ORIGINALLY POSTED ON STRAIGHT.COM, DEC. 13, 2006
By Steve Newton
Only hard-core fans of Robert Plant’s post-Zeppelin output should invest in the 10-disc Nine Lives set, which includes his nine solo albums—from 1982’s Pictures of Eleven through last year’s Mighty Rearranger—plus bonus tracks and an hourlong DVD.
Nine Lives isn’t Christmas music, obviously, but that didn’t stop me from reviewing it at home while our tree was being decorated. “This is old-time music,” announced nine-year-old Tess as she pranced around in her cotton jammies to the strains of “Rockin’ at Midnight”, the old Roy Brown cover off 1984’s The Honeydrippers: Volume One. Even though it features guitar greats Jeff Beck and Jimmy Page, I’ve never been thrilled by Plant’s excursion into ’50s blues. And judging by his indifference, our four-year-old, Danny, wasn’t either. If the living-room boogie doesn’t inspire him to do a Batman leap off the ottoman and land dangerously close to the TV stand, I know something’s wrong.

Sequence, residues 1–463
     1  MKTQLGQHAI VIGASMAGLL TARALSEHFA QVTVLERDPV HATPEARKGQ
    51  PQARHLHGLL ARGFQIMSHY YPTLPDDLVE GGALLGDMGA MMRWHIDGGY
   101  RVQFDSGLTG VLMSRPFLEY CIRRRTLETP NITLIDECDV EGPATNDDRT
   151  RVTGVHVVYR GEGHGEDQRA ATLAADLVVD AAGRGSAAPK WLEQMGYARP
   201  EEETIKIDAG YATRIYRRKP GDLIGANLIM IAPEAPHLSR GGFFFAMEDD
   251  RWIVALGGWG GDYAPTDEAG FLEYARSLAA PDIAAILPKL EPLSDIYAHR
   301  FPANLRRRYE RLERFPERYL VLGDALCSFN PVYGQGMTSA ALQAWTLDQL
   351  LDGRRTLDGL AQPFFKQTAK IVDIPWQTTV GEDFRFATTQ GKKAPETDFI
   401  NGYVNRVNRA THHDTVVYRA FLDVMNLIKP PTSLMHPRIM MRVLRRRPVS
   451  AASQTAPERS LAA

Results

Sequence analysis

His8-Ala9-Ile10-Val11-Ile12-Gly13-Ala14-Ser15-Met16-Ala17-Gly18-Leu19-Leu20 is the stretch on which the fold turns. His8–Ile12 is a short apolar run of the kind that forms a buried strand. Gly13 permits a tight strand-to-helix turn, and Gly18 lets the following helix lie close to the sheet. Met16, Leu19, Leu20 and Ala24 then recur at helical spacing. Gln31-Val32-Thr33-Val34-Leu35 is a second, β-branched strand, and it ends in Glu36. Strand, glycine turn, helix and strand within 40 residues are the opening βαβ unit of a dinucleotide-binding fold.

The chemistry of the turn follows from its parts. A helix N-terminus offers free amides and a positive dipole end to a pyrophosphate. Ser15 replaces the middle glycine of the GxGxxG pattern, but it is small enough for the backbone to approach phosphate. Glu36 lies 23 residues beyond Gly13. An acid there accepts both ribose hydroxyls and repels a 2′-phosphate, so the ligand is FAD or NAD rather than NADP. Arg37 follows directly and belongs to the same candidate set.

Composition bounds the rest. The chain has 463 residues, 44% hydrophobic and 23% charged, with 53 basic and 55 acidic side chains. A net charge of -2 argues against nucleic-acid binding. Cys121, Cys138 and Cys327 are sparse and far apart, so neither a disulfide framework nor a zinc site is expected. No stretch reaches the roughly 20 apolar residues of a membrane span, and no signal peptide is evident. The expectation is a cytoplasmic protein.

“This song officially sucks,” declared my wife, Dawn, as she lovingly hooked a teddy bear to a branch. She was talking about “Hip to Hoo”, the opening track on 1985’s Shaken’N’Stirred, and one of the more blatantly ’80s-sounding losers in the bunch. I had to agree, but I wasn’t about to run over and flick off the stereo. We’re a family; we can suffer together.
As if to make up for the questionable quality of the tunes, Nine Lives comes in a classy package with painterly echoes of Nick Bantock’s work. It includes a full-colour, 62-page booklet, and the CDs are nicely bound in separate sleeves with images of each original album cover.
But here’s two words for die-hard Plant fanatics silly enough to think that his solo efforts rank with the heights he reached before: Physical Graffiti.